Here’s something that spells it out in plain language from a mother who gets it.

    And some interesting thoughts from Socrates…

    “The children now love luxury, they have bad manners, contempt for authority, they show disrespect for elders and love chatter in place of exercise. Children are now tyrants, not the servants of their households. They no longer rise when elders enter the room. They contradict their parents, chatter before company, gobble up dainties at the table, cross their legs, and tyrannize over their teachers.” ~ Socrates

  6. Roger on April 29, 2019 at 9:13 am

    Tim, I’m surprised at the number of people disagreeing with you in these comments. They have some valid points, but they seem to be missing your valid points.

    I’m sure you agree that the attitude of entitlement is not new. It’s a condition of humanity common to every generation. Many people believe it’s more prevalent in young people today than it has been in recent decades, but we’re entitled to disagree with that premise if we wish. 🙂

    I don’t think talking about the dangers of entitled attitudes suppresses innovation or oppresses the masses as some comments here indicate. The emotional dynamics you describe here are real, and they rob us of peace and joy in life. They magnify unproductive conflict. Instead of denying that entitlement is a problem we need to oppose it constructively. Humility, gratitude, contentment, and other “counter-entitlement” characteristics are not the same as passivity.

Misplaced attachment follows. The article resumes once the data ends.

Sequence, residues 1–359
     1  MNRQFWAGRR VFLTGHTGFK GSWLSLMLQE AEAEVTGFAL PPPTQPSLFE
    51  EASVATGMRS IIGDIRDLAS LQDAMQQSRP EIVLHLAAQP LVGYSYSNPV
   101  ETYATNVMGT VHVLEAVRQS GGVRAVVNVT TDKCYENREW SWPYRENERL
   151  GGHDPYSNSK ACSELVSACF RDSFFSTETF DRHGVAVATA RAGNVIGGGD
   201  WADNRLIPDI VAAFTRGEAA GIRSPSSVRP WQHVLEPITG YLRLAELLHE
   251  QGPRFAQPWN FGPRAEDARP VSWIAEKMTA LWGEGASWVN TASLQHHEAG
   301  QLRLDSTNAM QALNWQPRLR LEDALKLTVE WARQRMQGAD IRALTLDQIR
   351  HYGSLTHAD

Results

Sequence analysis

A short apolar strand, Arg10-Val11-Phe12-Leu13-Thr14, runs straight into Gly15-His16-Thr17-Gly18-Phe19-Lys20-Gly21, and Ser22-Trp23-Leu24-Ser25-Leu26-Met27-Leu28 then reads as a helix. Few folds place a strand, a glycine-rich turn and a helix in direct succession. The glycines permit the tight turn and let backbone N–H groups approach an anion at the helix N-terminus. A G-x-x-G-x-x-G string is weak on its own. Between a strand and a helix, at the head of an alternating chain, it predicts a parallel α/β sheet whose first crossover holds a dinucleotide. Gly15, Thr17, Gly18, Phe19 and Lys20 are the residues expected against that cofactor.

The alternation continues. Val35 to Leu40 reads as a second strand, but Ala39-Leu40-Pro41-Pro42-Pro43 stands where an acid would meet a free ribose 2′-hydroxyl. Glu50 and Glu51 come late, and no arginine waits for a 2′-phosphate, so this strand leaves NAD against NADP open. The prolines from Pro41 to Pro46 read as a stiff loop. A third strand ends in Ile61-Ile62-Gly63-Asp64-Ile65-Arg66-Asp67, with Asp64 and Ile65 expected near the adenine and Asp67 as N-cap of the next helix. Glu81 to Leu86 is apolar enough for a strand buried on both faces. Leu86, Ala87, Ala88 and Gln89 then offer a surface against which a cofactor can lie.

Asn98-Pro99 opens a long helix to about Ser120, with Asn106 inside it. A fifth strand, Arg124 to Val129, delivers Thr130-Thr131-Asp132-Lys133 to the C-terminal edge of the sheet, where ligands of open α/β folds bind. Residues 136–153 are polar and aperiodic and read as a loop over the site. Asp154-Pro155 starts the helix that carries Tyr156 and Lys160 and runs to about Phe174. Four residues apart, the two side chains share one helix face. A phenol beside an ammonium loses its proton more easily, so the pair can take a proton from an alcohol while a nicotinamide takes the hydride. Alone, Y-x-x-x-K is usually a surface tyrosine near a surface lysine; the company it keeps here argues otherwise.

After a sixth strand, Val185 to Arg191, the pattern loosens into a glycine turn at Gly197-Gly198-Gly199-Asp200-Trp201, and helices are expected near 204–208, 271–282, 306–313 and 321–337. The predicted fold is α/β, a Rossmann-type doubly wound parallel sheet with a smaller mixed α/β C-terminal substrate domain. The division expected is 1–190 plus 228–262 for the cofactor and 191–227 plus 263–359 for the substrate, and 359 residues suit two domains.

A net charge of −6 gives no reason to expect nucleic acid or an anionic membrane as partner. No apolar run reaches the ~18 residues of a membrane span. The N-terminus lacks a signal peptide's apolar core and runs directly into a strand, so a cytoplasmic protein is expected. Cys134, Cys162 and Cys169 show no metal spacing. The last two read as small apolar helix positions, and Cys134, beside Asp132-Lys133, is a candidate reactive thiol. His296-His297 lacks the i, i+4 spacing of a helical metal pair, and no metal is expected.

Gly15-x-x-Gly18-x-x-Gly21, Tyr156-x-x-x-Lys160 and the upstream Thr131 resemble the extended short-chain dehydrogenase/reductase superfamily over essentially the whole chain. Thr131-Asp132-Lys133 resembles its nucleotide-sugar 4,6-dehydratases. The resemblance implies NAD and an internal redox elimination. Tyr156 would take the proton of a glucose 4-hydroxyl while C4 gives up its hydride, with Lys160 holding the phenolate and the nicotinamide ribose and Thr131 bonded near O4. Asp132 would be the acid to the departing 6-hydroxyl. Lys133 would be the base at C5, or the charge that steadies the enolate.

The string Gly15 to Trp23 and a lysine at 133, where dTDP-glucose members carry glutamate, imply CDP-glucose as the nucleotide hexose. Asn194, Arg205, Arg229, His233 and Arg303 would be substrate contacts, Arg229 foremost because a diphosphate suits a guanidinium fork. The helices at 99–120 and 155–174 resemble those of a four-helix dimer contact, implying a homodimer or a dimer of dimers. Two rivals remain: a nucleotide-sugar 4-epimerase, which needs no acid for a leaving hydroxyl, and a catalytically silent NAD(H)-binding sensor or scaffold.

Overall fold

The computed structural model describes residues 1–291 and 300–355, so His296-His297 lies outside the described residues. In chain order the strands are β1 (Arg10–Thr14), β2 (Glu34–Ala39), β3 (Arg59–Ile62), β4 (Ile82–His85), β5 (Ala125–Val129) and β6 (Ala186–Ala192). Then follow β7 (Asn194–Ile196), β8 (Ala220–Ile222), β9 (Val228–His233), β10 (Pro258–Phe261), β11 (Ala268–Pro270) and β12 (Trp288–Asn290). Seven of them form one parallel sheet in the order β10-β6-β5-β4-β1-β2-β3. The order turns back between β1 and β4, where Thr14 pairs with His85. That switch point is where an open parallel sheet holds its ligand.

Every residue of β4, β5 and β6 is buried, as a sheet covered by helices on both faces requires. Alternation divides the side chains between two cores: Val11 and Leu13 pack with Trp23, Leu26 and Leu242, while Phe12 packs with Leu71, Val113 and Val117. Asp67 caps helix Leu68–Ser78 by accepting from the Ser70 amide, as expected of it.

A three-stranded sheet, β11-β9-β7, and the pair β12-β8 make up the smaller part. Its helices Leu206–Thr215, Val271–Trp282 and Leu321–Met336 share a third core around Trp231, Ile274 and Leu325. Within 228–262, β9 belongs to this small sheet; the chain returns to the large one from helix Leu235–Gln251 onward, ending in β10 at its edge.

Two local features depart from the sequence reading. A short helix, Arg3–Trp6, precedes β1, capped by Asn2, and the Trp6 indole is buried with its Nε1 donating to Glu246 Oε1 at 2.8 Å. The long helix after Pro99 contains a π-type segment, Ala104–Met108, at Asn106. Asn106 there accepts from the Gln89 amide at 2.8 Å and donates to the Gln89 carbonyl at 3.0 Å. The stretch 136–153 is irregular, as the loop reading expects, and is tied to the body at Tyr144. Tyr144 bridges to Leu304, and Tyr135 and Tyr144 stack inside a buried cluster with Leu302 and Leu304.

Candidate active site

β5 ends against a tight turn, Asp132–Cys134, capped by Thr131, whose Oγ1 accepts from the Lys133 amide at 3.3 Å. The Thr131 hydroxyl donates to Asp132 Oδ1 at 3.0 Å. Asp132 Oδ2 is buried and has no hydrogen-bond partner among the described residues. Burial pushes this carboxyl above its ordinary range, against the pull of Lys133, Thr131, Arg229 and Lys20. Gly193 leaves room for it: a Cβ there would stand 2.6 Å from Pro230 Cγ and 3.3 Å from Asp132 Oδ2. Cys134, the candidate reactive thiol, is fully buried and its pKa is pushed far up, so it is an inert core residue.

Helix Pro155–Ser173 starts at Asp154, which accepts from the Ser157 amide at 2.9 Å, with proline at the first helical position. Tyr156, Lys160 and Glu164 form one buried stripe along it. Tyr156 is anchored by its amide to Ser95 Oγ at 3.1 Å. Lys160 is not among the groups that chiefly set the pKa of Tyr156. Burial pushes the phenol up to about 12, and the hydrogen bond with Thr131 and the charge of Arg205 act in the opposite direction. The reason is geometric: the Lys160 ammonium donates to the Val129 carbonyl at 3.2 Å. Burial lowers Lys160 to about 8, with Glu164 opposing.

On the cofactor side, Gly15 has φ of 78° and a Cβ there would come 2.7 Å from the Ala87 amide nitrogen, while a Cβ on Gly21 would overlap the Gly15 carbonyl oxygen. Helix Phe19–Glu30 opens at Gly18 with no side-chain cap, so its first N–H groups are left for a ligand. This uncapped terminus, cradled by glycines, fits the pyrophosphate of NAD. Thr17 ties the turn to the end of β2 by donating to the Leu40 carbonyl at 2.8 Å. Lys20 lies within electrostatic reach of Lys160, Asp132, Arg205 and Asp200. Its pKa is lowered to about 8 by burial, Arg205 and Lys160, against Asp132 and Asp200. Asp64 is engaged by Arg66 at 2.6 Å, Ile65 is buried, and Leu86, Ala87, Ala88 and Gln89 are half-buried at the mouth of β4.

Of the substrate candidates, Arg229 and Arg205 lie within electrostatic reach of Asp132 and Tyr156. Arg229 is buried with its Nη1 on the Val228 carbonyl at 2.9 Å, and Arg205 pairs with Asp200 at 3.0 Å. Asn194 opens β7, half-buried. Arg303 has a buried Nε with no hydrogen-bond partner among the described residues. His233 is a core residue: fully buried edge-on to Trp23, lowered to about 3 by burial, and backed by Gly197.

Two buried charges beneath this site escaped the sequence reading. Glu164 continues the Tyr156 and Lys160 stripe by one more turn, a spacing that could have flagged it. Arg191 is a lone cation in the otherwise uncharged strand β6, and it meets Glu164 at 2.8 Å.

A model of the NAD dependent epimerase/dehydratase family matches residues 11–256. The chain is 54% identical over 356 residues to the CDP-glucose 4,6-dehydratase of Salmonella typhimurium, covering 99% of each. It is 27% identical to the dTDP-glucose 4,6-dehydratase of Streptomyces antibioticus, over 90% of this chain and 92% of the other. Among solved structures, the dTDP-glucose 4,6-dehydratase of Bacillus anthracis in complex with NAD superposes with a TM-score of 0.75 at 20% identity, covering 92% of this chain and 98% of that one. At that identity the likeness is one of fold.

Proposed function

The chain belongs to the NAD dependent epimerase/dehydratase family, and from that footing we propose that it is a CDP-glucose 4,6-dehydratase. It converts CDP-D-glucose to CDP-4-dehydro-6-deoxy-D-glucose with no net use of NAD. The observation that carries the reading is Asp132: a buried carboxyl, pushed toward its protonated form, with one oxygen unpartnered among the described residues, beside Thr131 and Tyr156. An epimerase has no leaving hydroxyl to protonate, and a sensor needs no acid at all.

So my response to your critics is balance. Learn how to fight for justice and pursue dreams with a heart at peace and a sense of gratitude for all that’s good in the world. We are created to love and work hard, enjoying what we accomplish and what’s given to us. Entitlement robs our joy by making us feel we deserve everything without giving anything.

  7. Are Your Kids Entitled? - Sarah Hamaker on January 12, 2020 at 8:57 am

    […] we raising a generation of entitled children? One recent blog post, “Seven Emotions That Follow a Sense of Entitlement,” talks about what emotions entitled youth feel—and how these sinister attitudes have crept […]

Leave a Comment

Seven Emotions That Follow a Sense of Entitlement